Three of the largest digital asset platforms have moved into the crypto prime brokerage space over the past seven days, as the importance of the function to attract institutional investors becomes abundantly clear.
Genesis, Coinbase and BitGo – three of the largest players and biggest advocates of institutional uptake of digital assets investing – confirmed either acquisitions or new launches this week, adding a key component to crypto market infrastructure.
The combination of lending, custody, trading services and settlement agency services – among others – is crucial for institutional investors who do not want to deal with the current complexities of the digital asset market in its current form.
Genesis acquired digital asset prime brokerage Vo1t to supplement its existing services, which included global over-the-counter trading and institutional lending, enabling the platform to launch its prime services business later this year. The firm added that it also plans to build an integrated client interface, create additional technology solutions, launch a derivatives trading desk, and add capital introduction capabilities for hedge funds, quant funds, asset managers, and family offices.
Meanwhile Coinbase – the popular retail platform looking to break into the institutional investment world – purchased Tagomi, another digital asset prime broker, as it committed to pushing forward in building the ‘crypto-economy’.
With the deal expected to close later this year, Coinbase said it is building the foundation for the “next wave of crypto investors by bringing onboard the first electronic prime brokerage in crypto.”
Finally, BitGo, launched its own prime services this week, with former Tower Research and Deutsche Bank executive, Nick Carmi, appointed to lead the initiative as CEO, which will give institutional investors a suite of services mirroring the traditional finance world.
As digital asset platforms look to reach the lucrative segment of institutional investors, they are collectively adding crucial market structure cogs such as custody, fund administration and prime brokerage to their services.
The offering differs slightly from the traditional prime brokerage functions in the capital markets with some aspects missing, however trading services, custody, credit lines and lending appear to be part of the biggest digital asset platforms’ plans. Much like the traditional space, there could be a wide range of prime brokers in the years to come, but a dominant handful at the top end.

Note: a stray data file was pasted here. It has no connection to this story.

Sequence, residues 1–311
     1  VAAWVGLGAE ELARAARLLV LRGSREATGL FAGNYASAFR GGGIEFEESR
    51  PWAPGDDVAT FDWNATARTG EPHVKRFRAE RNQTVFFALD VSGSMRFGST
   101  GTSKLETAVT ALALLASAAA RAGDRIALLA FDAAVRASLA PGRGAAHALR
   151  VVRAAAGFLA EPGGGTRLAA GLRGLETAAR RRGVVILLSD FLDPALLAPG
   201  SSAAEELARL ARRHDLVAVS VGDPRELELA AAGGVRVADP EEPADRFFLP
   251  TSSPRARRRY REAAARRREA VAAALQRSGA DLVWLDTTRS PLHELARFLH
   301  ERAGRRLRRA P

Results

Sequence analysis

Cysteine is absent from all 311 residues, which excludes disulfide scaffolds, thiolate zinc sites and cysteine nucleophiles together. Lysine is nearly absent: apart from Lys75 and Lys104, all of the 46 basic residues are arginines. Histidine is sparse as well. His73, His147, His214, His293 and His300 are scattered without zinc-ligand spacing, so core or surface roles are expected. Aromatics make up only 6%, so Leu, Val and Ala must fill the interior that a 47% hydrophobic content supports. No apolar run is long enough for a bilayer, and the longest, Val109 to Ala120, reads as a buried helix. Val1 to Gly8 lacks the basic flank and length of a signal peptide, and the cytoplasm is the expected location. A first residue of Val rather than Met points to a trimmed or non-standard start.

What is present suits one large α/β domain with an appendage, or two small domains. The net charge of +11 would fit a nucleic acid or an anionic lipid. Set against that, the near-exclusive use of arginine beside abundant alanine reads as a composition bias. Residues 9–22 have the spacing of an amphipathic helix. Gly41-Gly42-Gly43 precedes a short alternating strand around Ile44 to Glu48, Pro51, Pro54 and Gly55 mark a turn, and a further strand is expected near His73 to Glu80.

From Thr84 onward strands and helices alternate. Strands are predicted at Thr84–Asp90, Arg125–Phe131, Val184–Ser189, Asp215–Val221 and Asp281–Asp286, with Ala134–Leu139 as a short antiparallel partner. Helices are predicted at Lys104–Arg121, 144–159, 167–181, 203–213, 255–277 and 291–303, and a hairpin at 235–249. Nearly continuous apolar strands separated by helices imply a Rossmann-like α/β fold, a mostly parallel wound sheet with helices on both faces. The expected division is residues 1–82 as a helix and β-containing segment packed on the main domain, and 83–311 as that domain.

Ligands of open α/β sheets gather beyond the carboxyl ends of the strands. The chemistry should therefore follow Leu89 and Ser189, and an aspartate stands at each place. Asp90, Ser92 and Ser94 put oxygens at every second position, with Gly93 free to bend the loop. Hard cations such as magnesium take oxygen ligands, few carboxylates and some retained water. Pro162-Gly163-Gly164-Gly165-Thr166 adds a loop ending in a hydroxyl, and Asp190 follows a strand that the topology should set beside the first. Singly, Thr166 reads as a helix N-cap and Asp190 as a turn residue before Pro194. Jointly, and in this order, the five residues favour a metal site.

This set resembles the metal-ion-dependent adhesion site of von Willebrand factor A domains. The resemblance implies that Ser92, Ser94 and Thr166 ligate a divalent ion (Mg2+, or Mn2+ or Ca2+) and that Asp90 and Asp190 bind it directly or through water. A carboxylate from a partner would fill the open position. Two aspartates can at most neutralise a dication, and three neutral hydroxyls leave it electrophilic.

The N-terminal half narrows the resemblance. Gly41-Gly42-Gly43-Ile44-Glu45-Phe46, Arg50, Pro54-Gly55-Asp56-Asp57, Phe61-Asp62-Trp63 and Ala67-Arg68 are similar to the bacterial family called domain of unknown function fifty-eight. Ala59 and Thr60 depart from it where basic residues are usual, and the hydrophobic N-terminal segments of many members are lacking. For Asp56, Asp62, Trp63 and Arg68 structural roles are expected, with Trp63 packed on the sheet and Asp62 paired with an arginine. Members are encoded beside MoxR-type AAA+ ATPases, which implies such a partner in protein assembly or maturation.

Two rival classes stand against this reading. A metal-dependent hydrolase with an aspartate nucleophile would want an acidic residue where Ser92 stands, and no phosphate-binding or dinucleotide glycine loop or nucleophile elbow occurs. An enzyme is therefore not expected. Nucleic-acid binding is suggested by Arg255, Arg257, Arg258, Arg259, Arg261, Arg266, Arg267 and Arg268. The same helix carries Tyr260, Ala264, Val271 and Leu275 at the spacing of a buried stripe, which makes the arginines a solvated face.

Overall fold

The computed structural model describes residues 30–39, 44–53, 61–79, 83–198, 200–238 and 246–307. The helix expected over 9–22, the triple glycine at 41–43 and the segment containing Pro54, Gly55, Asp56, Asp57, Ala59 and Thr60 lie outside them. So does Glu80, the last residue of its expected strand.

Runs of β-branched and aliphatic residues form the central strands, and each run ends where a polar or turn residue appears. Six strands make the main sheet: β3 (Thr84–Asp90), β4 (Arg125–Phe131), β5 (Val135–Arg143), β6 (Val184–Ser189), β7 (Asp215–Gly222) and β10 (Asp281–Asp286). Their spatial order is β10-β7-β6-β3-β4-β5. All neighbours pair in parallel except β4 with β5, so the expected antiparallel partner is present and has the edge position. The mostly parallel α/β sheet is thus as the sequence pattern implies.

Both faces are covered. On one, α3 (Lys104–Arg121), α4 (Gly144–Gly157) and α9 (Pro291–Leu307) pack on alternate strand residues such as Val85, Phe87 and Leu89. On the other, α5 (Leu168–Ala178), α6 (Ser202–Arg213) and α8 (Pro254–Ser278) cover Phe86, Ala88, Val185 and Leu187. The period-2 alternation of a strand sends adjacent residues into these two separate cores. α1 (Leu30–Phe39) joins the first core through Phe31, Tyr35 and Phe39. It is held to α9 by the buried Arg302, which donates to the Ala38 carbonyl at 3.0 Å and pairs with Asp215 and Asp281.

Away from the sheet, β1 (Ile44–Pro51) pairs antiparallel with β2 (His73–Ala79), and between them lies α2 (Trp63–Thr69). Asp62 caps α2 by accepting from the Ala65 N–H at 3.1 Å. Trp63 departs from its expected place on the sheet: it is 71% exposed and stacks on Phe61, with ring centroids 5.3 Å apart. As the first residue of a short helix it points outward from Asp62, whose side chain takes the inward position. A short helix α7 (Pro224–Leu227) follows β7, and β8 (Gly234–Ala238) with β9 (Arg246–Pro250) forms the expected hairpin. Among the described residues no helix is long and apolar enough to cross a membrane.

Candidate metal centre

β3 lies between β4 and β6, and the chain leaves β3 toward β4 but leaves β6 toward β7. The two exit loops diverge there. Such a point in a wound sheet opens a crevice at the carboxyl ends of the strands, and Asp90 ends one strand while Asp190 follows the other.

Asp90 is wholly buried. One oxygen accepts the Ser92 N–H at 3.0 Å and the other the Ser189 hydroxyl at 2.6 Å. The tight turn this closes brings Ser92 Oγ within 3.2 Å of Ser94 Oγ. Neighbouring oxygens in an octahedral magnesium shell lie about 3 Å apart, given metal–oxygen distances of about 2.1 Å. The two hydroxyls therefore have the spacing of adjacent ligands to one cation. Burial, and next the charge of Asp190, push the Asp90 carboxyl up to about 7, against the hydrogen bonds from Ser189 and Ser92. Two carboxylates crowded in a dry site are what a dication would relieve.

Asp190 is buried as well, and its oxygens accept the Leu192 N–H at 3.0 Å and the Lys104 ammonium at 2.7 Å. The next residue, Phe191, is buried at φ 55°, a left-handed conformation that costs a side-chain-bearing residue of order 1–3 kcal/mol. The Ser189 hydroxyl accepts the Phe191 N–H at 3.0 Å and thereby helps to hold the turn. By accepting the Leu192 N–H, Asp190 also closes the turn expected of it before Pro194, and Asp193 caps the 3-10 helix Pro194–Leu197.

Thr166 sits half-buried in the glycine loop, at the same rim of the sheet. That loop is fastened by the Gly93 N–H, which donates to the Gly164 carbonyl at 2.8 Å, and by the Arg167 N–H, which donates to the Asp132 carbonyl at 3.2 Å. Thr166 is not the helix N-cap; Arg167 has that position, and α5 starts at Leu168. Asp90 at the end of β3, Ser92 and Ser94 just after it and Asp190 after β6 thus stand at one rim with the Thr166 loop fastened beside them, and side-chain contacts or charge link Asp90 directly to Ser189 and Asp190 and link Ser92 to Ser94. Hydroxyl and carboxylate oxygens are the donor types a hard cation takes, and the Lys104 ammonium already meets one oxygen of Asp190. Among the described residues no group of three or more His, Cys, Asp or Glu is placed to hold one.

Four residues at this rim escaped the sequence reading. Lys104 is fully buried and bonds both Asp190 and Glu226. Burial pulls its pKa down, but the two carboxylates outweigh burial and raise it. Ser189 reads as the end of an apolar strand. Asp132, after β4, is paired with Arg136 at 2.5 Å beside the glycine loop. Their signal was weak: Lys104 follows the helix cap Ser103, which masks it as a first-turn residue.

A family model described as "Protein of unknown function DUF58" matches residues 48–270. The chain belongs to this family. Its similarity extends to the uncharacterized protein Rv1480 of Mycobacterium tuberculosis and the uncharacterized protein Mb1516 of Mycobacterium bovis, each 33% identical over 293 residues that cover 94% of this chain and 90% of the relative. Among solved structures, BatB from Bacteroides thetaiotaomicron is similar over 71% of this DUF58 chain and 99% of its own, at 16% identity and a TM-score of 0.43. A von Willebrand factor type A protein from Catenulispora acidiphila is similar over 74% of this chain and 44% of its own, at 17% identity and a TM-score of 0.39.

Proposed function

“As the cryptocurrencies trading ecosystem continues to evolve, market participants are calling for the same services provided by prime brokers in traditional markets, including security lending, asset custody, and settlement agency services. The role of prime brokers does not exist in the cryptocurrencies market, and firms that are able to provide full or partial prime brokerage services will prevail in this market,” a report from Aite Group last year said.
The introductions come at a crucial time as both the number of hedge funds and their assets under management (AUM) continue to grow.
A report from PwC earlier this month revealed that total AuM of crypto hedge funds globally increased to over $2 billion in 2019, doubling from the previous year. The percentage of crypto hedge funds with an AuM of over $20 million also increased from 19% to 35%. Meanwhile, 81% of crypto hedge funds are now using a custodian, up from 52% in the previous year, according to the report.
While crypto-specific hedge funds continue to grow, the digital asset industry is still awaiting full buy-in from asset managers, hedge funds and asset owners as they await a fully-established market infrastructure, regulation and legal and risk frameworks.